Tuesday, May 30, 2017

Let's make Apache Spark more Kotlinesque

I read Thomas Nield's blog post about Kotlin and Apache Spark around the end of last year. At the time, I had a basic knowledge of Kotlin and I just knew what Apache Spark was, but no idea on how to use it. That post convinced me to start digging a bit more into the Big Data world and, more importantly, to start writing about Big Data using Kotlin. So, if you're reading, thank you, Thomas!!

It has been a month now since I started learning Apache Spark, and it is easy to understand why it is the natural successor of Hadoop. First of all, Spark replaces the Hadoop MapReduce paradigm with Transformations and Actions on an RDD, (Resilient Distributed Dataset). As the name suggests, an RDD represents the dataset we want to work with, loaded in memory and distributed on multiple nodes of a cluster. Moreover, on an RDD, it is possible to perform multiple transformations, in order to modify and transform its content, with the use of actions for collecting the results of those transformations. While most of the transformations and actions in Spark can be implemented using the MapReduce paradigm in Hadoop, Spark improves two well-known limitations of the latter: the coding experience and the general performances. The former is solved thanks to the presence of multiple transformations and actions that they no longer require their manual coding in the form of a Mapper or a Reducer. The latter are, instead, improved with the use of main memory for all the operations performed, avoiding the writing and reading from disk needed during multiple MapReduce jobs. Moreover, the loading in memory of an RDD and the transformations performed on it, are lazily evaluated. This means that, until an action is called on the RDD, nothing is performed from a computational point of view. In this way, it is also possible, behind the scenes, to optimize those transformations.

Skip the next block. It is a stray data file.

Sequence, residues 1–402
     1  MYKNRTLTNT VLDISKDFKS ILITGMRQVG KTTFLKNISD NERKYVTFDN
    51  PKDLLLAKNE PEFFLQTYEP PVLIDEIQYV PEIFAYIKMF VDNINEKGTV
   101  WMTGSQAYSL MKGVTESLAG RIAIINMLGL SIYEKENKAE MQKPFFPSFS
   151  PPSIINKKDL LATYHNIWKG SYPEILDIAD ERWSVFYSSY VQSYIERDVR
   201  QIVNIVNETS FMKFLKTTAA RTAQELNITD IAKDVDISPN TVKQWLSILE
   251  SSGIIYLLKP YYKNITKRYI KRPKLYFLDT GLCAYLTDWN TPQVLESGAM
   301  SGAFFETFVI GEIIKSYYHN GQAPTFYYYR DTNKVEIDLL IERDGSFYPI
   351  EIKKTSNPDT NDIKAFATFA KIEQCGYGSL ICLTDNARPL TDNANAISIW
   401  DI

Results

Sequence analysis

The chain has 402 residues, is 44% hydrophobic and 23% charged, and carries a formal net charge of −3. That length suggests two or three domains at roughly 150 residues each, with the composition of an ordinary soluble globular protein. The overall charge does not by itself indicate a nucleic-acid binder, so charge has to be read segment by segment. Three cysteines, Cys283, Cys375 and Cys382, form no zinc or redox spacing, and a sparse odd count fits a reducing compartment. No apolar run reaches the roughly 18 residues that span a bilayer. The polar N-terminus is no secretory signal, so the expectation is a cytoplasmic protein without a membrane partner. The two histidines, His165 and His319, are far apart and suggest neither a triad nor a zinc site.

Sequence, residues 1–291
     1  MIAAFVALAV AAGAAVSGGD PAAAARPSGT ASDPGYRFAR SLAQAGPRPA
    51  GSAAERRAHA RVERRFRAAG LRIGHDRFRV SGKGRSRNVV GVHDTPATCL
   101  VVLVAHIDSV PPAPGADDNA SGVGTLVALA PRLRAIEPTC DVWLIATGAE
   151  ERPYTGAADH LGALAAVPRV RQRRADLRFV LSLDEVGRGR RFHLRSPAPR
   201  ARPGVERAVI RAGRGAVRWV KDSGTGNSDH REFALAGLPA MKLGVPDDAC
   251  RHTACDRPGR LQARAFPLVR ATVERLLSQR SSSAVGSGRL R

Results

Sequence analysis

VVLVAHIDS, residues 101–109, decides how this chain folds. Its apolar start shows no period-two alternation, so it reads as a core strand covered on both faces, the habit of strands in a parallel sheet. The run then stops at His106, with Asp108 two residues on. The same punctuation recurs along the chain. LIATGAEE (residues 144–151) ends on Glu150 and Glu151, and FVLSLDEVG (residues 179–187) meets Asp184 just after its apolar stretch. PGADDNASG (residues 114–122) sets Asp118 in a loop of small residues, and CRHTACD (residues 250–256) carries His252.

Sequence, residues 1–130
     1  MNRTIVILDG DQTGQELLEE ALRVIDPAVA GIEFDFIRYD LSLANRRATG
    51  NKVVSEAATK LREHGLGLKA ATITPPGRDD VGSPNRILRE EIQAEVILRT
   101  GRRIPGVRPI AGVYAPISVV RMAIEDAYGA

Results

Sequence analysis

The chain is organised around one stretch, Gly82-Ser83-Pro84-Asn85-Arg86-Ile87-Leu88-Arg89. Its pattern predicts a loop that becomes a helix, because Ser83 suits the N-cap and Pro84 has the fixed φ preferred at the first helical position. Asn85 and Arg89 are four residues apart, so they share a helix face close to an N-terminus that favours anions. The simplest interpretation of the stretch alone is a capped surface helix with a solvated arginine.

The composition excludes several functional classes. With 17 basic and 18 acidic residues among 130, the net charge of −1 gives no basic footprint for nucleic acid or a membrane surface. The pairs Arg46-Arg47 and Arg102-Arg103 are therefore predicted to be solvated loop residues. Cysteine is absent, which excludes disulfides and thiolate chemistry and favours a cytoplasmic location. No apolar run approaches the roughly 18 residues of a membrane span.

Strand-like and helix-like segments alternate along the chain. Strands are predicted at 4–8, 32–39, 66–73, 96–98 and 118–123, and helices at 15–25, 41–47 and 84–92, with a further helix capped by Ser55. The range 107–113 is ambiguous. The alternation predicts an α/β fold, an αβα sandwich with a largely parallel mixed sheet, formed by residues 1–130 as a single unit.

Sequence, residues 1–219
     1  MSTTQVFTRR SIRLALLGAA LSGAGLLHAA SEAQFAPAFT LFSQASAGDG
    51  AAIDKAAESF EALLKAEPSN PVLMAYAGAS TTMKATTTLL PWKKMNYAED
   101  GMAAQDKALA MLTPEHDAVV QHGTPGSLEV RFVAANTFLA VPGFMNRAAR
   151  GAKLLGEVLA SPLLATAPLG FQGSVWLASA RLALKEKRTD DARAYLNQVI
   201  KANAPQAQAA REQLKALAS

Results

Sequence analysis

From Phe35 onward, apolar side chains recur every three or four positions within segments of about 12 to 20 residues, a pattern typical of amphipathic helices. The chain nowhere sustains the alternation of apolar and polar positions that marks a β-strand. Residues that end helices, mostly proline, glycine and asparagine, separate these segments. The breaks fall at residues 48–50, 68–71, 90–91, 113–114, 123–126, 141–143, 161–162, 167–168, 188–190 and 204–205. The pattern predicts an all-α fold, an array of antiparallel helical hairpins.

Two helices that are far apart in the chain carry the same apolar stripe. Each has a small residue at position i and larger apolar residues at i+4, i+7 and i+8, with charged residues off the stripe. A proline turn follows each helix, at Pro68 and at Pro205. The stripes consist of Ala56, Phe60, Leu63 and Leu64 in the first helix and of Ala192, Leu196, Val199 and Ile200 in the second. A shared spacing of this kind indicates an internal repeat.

In its blog post, Thomas shows how it is possible to create an Apache Spark project and use its Java API with Kotlin. In this blog post, I want to extend the discussion, showing why, in my opinion, Kotlin should be preferred over Java, with some examples on how to improve the Java API and the general user experience with Spark. You can find all the code related to this post here, where there's also a brief explanation of the exercise solved.

First of all, the possibility to use lambda expressions instead of anonymous classes significantly improve code readability. Even if lambdas are present in Java 8 too, I believe that the possibility in Kotlin to use it instead of declaring the lambda parameter, but also parameter destructuring (line 28) introduced in Kotlin 1.1, makes the general experience of using lambdas a bit more enjoyable.

Extension methods are another point in favor of Kotlin. Line 25 and 54 show two ways of improving the Java API, making them more Kotlinesque. As shown in the code example below, the first extension is used to make the Scala.Tuple2 creation similar to the Kotlin.Pair creation, using the infix notation. I decided to use tuple instead of to only for avoiding confusion between the two methods, but the name must be absolutely improved!

The second extension is, instead, a typical Kotlin extension method, creating a Spark-like method that, instead of returning a Java mutable map, embraces the immutability collections present in the Kotlin standard library.

And talking about extension methods and standard library, line 15 and 19 show two methods already implemented in Kotlin. The former one is with(), allowing to reference the SparkConf instance with the this keyword where necessary, while the latter is use(), the Kotlin version of the Java try-with-resources, used with the JavaSparkContext instance.

Apache Spark is written in Scala, and it is obvious that the latter will probably be the best way to write Spark code. However, I think that at this point, Kotlin can be considered a better choice than Java in using Spark, considering also how the community is going to grow in the next couple of years, thanks to Kotlin Native and the Android support.
This is just a brief overview of how it is possible to improve the Java experience of Apache Spark using Kotlin and I'm planning to write more about this subject. If you have any question, suggestion or criticism, don't hesitate to comment here or contact me.